Regina Reviews on Every Happy Family
Reviewed by: Devin Pacholik
When we're young, we tend to think of our family members as constants: unchanging certainties that we can reduce to caricature terms: dad; mum; brother; sister.
Each one of those words represents a person with a history. But every history is multi-perspective and nebulous. With time, our definitions expand to include the unexpected. We may find ourselves asking, "Who are these people?"
Dede Crane's novel, Every Happy Family, searches the diverse personalities of the Wrights. Their stories untangle to reveal surprising motives, successes, tragedies and complexities.
The family members learn more about each other as they deal with their own misfortunes.
As the father Les Wright ponders, "Random encounters with strangers. Is family any different?" The one-time master chef thinks this after being diagnosed with severe health complications, and having a bizarre conversation with a neighbour about fear and the consciousness of trees.
Crane keeps each narrative fresh and anchors each encounter with part of the Wright family with sometimes hilarious, other times breathtaking, events. The author's knack for timing makes for a charming reading experience.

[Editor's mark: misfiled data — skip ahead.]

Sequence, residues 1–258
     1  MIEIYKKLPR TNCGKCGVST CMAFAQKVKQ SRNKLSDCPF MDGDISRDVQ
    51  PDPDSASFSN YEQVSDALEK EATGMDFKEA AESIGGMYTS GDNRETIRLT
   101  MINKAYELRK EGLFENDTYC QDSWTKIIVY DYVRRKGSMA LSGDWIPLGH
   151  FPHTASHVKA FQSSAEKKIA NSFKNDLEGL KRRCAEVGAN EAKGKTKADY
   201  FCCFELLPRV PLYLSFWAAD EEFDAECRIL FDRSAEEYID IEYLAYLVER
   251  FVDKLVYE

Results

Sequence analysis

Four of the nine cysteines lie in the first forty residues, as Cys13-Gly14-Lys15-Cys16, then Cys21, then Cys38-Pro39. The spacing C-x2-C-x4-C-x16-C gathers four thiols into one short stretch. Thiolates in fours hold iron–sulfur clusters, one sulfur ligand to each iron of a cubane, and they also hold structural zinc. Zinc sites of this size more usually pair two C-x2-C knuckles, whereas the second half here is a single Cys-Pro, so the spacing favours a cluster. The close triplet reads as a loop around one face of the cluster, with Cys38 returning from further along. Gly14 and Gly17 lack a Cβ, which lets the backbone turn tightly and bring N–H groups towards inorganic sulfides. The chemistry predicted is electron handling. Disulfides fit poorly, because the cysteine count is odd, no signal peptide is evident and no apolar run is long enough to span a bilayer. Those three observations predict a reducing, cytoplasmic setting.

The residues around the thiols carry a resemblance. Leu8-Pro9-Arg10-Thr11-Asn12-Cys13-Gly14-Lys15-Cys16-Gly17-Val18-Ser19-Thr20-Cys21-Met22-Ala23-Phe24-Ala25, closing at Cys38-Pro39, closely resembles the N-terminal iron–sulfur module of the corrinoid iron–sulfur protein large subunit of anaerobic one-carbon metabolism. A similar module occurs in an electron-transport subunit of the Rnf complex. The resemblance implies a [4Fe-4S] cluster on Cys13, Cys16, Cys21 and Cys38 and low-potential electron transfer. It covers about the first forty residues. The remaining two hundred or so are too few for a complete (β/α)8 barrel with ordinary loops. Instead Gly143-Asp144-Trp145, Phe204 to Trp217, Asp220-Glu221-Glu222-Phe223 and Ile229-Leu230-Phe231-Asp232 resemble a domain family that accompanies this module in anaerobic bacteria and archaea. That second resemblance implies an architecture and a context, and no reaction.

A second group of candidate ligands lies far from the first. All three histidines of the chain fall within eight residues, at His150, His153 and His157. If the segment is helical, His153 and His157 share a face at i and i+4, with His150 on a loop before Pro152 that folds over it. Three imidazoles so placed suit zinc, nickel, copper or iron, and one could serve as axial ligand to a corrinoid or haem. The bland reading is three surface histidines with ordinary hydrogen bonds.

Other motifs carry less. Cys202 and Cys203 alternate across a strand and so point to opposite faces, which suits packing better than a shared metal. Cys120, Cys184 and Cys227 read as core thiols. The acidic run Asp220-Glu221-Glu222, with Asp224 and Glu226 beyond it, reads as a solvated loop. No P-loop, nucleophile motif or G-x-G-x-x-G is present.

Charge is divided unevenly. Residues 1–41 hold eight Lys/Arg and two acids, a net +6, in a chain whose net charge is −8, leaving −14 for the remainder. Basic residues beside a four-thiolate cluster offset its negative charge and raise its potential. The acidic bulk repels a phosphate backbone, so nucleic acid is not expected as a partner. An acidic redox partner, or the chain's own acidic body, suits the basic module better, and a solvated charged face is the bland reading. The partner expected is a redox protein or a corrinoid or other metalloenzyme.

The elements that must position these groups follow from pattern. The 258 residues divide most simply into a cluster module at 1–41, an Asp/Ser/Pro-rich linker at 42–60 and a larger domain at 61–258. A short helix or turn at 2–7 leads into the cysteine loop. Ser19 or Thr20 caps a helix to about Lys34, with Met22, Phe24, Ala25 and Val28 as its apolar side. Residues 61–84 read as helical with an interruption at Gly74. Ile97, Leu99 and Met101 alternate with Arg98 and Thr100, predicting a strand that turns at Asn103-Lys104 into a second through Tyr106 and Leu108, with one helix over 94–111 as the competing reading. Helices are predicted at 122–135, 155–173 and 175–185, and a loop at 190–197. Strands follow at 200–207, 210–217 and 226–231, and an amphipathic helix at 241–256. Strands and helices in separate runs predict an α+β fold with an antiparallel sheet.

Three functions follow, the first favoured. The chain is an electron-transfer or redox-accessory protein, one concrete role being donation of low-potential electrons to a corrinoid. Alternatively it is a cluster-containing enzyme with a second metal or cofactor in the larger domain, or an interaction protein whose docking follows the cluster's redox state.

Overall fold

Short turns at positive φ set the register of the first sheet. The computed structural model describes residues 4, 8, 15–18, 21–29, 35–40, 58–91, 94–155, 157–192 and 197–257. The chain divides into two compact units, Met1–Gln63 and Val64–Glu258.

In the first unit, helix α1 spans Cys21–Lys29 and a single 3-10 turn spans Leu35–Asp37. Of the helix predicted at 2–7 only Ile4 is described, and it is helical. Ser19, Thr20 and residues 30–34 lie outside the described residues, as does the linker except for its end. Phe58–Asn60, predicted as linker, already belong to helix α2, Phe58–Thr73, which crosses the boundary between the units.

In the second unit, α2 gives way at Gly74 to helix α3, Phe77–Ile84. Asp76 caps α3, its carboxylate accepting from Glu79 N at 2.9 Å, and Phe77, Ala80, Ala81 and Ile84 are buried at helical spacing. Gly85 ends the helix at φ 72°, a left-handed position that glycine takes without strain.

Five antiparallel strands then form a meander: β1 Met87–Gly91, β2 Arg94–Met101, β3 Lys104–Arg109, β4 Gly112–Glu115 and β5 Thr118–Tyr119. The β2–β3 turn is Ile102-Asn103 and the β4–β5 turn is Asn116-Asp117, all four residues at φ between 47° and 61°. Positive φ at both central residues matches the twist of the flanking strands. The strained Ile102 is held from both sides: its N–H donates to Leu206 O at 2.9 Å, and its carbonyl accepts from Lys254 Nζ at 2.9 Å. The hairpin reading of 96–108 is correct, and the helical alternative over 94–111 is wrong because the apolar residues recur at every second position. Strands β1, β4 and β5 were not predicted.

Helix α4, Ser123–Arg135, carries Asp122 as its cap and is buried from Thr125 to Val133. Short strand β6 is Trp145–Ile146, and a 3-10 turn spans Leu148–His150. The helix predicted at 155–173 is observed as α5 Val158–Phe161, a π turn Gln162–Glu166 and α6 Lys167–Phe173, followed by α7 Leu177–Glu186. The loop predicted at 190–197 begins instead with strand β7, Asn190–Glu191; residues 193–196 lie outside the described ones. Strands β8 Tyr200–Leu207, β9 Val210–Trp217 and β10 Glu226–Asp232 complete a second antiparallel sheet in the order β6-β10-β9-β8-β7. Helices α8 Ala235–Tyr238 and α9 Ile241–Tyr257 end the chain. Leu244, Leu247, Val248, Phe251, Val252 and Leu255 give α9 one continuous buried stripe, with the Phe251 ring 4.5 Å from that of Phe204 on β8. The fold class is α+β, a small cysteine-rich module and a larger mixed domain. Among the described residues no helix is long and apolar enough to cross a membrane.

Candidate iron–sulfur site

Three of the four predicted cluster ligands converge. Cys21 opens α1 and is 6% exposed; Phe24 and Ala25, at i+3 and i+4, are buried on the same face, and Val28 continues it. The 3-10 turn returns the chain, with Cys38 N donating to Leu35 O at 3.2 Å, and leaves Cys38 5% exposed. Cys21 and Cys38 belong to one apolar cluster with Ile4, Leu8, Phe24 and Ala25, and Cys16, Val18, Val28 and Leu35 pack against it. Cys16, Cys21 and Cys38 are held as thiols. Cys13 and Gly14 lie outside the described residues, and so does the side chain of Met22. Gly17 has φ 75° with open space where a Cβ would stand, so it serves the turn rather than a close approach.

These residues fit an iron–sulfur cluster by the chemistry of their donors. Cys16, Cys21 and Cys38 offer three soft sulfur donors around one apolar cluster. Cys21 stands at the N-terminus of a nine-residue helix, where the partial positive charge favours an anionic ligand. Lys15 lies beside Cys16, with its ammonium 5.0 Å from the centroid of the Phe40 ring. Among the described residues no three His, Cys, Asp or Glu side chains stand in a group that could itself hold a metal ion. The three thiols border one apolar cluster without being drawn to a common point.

Every Happy Family reminds me of the film Little Miss Sunshine. The story is quirky, but it also brings you to some thoughtful places. For instance, the grandmother Nancy degenerates with late-stage Alzheimer's, and yet she is one of the funniest characters. It's a sad kind of funny, but she says and does funny things nonetheless, and the rest of the family can't help but laugh at the oddness of life's lot.
Many scenes, especially between Nancy and her daughter Jill, are astonishingly touching and real.
The children of the Wright family have their own dilemmas.
Quinn, book-smart but relationship-dense, develops a drinking problem and a resentment towards his own happiness; Beau, handsome and athletic, becomes consumed by his desire to become a rugby star in Europe, even at the cost of his dignity; and Pema, adopted from Nepal, endeavours to reconcile her relationship with her culture and families.
Going back to the Little Miss Sunshine comparison, Auntie Annie deserves mention as an unconventional character in Every Happy Family. She is hilarious; she is also a bit of a wreck.
Annie, the sister of Les, was adopted with her brother and is on a constant quest to find their biological parents. Annie is a manic flowerchild, and she generally says things that make the kids laugh and the parents frown.
Every Happy Family shows that the people closest to us are perhaps unknowable and unattainable, but the journey with them through life is beautiful.